When the Switch was released back in March 2017 we had no idea that Nintendo’s new platform would flourish amid past efforts to open its doors and allow publishers to really take advantage of the uniqueness of it’s design. Given Nintendo’s incredible first party offerings you’d be spared for thinking that all bases were covered on the Switch and that you had everything you needed on Nintendo’s latest incredibly successful home console. However, Octopath Traveler is the manifestation of an era so revered and coupled with the modern conveniences of decades worth of game tech iteration. In other words, It’s exactly what you want it to be.
Producers Masashi Takahashi and Tomoya Asano, who previously headed the Bravely series, went above and beyond in ensuring that their promise of a spiritual successor to Final Fantasy VI was something that fans of the classic Super Nintendo era JRPG’s and new players would enjoy.
The first thing that will strike you upon launch is just how beautiful this game is. Not only is it so consistent in it’s execution, but the mind just races when thinking about the possibilities. This art style on a technical level could easily translate to so many other franchises. The 2D against the 3D level geometry pops nicely, especially when combined with the dynamic particle effects and lighting. Small shadows are cast behind the lantern you automatically equip as you trudge through dank caves and darker regions, everything just works. The way that the camera focuses on the party you’re controlling is striking considering that a good portion of the screen is out of focus. The out of focus portion never stops animating, which creates this amazing illusion of a grand-depth of field and actually makes the environments seem larger than they may initially appear. It’s the small details that truly add up to create such an immersive atmosphere. For example, when the sound of a cold wind begins just as you’re approaching the entrance to the Frostlands or the way that ice crystals glisten as you advance through snowy hills while light bounces effortlessly off of the terrain. Octopath Traveler is gorgeous in the way that engrosses you visually with it’s environments. Those same touches are applied when in combat as well. When you initiate a battle, your sprites magnify opposite your opponents who range from wolves and giant staff wielding frogs to the most powerful Archmagus in the region. Bosses and other special characters are sometimes larger and have flashier animations than regular enemies which makes for some good visual variation between battles. However, there were a few times where I found myself fighting the same enemy repeatedly, pulling me slightly out of the moment.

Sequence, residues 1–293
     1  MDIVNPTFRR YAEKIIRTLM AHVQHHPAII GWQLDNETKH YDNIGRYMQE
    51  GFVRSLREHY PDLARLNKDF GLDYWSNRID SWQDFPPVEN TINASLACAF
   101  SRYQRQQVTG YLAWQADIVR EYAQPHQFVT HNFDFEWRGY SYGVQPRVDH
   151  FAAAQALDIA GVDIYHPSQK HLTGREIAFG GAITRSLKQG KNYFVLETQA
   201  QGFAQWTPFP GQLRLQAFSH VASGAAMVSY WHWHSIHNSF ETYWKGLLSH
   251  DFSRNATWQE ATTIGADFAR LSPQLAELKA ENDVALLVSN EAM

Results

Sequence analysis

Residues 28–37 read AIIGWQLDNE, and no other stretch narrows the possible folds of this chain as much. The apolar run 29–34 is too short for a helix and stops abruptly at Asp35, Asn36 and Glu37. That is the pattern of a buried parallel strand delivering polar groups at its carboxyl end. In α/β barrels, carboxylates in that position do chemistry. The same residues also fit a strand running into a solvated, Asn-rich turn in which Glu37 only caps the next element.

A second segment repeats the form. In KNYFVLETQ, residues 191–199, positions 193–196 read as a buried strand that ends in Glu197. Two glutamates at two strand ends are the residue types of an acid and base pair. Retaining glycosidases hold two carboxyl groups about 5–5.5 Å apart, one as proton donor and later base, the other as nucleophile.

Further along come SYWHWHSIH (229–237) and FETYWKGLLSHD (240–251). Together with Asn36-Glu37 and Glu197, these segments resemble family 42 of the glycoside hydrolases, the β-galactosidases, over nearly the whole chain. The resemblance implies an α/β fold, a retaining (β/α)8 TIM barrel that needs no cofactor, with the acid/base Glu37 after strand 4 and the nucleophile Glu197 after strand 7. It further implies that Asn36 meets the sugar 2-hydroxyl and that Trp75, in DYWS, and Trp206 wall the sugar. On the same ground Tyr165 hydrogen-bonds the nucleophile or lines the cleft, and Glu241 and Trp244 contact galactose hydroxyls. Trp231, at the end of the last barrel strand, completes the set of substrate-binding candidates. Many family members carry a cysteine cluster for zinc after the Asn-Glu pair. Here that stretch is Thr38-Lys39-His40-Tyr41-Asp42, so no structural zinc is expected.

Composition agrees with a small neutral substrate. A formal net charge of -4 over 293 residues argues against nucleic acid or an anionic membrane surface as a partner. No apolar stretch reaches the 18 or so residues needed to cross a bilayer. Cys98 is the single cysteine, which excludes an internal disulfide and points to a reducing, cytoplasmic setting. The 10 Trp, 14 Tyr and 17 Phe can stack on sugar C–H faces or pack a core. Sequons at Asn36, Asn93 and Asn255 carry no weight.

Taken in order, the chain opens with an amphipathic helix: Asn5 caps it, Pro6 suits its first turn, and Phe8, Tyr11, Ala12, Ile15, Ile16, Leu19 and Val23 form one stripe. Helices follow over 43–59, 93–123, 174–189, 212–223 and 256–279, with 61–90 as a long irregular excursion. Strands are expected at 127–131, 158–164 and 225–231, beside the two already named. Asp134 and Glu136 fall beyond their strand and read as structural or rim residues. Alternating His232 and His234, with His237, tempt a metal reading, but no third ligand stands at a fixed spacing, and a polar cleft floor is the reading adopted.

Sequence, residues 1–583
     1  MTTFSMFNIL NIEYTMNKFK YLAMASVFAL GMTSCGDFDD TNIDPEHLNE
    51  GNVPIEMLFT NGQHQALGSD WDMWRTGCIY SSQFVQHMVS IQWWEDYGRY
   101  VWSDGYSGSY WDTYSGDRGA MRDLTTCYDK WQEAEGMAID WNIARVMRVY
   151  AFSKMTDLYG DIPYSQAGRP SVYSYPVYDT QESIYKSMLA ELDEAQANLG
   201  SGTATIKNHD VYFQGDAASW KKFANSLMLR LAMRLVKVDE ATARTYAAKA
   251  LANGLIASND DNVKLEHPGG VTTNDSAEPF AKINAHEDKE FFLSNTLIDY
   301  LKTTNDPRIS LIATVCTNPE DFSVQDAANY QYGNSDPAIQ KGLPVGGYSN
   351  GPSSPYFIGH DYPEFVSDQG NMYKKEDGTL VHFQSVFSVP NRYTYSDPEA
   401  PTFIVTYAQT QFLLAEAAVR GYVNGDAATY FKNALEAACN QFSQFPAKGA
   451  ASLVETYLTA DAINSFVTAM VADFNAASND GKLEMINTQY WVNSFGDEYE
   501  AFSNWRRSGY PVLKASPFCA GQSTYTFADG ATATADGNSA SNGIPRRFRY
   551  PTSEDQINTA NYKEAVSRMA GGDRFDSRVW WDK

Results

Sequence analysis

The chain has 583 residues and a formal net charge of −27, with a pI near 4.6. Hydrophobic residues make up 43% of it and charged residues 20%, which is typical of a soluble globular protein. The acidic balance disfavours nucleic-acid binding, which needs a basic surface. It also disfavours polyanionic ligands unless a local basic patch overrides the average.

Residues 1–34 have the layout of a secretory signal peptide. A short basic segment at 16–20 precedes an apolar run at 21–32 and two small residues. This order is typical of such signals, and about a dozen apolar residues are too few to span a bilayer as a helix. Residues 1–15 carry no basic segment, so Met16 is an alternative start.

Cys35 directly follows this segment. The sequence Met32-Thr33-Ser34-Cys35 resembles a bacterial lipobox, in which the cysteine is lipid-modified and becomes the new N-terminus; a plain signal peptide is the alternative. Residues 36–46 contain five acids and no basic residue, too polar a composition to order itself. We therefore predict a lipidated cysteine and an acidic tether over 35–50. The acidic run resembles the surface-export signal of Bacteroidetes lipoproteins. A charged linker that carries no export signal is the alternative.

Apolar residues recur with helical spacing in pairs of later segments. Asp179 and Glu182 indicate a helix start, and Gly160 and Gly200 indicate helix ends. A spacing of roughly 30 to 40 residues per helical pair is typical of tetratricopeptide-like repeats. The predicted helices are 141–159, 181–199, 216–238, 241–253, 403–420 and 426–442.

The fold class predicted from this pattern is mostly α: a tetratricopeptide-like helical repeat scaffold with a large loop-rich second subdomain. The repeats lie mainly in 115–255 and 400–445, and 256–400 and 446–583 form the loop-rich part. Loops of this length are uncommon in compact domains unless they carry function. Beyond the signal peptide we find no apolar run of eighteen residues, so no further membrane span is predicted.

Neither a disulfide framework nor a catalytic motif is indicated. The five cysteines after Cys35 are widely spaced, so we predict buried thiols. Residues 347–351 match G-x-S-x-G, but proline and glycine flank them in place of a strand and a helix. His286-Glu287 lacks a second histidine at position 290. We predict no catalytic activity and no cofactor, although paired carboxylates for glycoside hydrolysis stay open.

I need to take a moment to talk about the music. As the game progresses, you may not even notice how natural the music is to each section of the game. Battle music is as tense and frantic as it should be. Sweeping strings seek to build on the player’s feeling of going on a real adventure spanning across various landscapes with gorgeous themes that just seem flawless in execution. In combination with the visuals, It reeks of the 16 bit era with a level of polish that brings it all home.